International Journal of Historical Archaeology

, Volume 20, Issue 3, pp 492–505 | Cite as

Graffiti Revelations and the Changing Meanings of Kilmainham Gaol in (Post)Colonial Ireland



Kilmainham Gaol (1796–1924) became the de facto holding center for political prisoners in Ireland by the mid-nineteenth century. Officially closing in 1910, it reopened a number of times for “emergencies” before its final closure after the Irish Civil War (1922–23). After 1924 it lay abandoned until reopening as a heritage attraction in the early 1960s. It was taken into state protection in 1986. Using a range of graffiti assemblages predominantly dating from 1910 onwards this paper will explore the “imperial debris” of contested narratives of meaning, ownership, and identity that the prison walls continue to materialize.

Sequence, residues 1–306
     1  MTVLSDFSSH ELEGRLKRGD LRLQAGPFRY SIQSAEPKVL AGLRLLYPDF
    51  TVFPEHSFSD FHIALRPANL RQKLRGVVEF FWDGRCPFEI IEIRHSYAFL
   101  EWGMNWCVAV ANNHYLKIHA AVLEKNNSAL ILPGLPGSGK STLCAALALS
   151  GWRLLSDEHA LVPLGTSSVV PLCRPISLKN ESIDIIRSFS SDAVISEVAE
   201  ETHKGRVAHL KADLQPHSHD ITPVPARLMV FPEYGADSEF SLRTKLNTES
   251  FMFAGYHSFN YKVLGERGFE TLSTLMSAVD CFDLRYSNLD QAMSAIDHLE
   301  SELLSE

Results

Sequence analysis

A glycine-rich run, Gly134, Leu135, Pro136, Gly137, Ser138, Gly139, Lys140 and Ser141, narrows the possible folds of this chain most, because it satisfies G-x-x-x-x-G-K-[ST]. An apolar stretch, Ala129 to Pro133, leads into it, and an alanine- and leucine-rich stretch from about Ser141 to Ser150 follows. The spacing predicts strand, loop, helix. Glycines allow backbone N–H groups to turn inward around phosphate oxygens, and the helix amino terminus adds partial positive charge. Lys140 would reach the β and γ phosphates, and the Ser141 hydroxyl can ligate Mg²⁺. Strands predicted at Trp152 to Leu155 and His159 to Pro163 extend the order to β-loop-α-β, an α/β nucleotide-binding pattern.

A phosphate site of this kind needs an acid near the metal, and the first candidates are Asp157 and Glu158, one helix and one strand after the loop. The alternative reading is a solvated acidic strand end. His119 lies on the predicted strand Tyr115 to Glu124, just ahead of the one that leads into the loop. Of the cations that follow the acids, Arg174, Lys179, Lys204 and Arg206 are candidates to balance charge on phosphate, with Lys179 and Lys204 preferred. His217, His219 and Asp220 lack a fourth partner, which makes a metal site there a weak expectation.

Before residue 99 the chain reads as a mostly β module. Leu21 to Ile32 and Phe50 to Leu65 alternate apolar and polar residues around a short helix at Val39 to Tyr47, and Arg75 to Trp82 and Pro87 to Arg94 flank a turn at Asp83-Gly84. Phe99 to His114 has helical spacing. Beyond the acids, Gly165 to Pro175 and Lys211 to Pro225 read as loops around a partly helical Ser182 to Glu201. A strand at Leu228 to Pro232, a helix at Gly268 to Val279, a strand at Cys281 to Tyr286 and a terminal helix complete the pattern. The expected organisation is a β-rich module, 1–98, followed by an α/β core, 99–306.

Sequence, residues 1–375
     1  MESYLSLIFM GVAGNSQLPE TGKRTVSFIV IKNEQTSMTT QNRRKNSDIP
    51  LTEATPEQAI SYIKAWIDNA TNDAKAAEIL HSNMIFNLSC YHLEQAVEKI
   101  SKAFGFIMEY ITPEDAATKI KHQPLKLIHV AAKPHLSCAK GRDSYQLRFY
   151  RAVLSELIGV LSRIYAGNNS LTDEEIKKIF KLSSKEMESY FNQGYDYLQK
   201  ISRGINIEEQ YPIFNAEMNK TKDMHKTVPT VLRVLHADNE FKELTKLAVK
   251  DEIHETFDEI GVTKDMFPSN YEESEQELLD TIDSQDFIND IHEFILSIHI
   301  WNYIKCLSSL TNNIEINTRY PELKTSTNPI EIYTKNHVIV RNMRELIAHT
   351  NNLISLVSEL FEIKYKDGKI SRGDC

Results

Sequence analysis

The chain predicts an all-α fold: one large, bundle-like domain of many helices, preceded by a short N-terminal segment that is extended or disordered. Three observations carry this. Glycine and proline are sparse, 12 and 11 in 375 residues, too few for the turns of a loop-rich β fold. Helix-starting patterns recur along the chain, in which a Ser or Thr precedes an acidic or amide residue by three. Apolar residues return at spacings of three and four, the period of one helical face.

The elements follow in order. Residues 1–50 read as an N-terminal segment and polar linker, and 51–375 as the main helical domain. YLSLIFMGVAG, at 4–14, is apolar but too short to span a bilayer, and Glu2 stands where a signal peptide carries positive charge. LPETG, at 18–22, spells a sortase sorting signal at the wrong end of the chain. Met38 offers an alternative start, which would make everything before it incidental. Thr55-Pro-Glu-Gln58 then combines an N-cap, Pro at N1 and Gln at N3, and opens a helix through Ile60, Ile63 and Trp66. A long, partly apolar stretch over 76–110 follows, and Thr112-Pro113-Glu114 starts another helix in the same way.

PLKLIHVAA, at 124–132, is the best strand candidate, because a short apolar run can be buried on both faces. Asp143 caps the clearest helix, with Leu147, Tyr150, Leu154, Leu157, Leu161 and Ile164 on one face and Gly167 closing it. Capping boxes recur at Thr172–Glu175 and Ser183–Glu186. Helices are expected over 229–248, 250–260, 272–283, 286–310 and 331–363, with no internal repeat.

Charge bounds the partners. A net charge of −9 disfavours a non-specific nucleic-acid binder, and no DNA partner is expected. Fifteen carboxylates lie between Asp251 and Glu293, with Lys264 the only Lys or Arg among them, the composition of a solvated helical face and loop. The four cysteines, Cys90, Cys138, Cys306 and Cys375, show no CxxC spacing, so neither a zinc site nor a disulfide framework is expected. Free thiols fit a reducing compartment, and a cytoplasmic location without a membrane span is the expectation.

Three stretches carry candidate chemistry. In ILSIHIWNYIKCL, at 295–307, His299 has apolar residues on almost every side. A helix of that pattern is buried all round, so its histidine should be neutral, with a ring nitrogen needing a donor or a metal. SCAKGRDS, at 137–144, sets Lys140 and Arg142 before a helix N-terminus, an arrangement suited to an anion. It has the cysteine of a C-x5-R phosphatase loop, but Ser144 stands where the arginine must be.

Prison Graffiti War Ireland 



Thanks to the Irish Research Council for founding the project “Following the Fighters?”, which enabled the graffiti-recording fieldwork to be completed at Kilmainham Gaol. The custodians of Kilmainham Gaol, especially Niall Bergin and OPW, for facilitating access and to Dr Katherine O’Donnell for her guidance and support in completing the website Many thanks to my co-editor Russell Palmer for his helpful suggestions and to the anonymous peer reviewers for their questions, comments and prompts.


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Copyright information

© European Union 2016

Authors and Affiliations

  1. 1.Department of ArchaeologyAarhus UniversityHjøbjergDenmark

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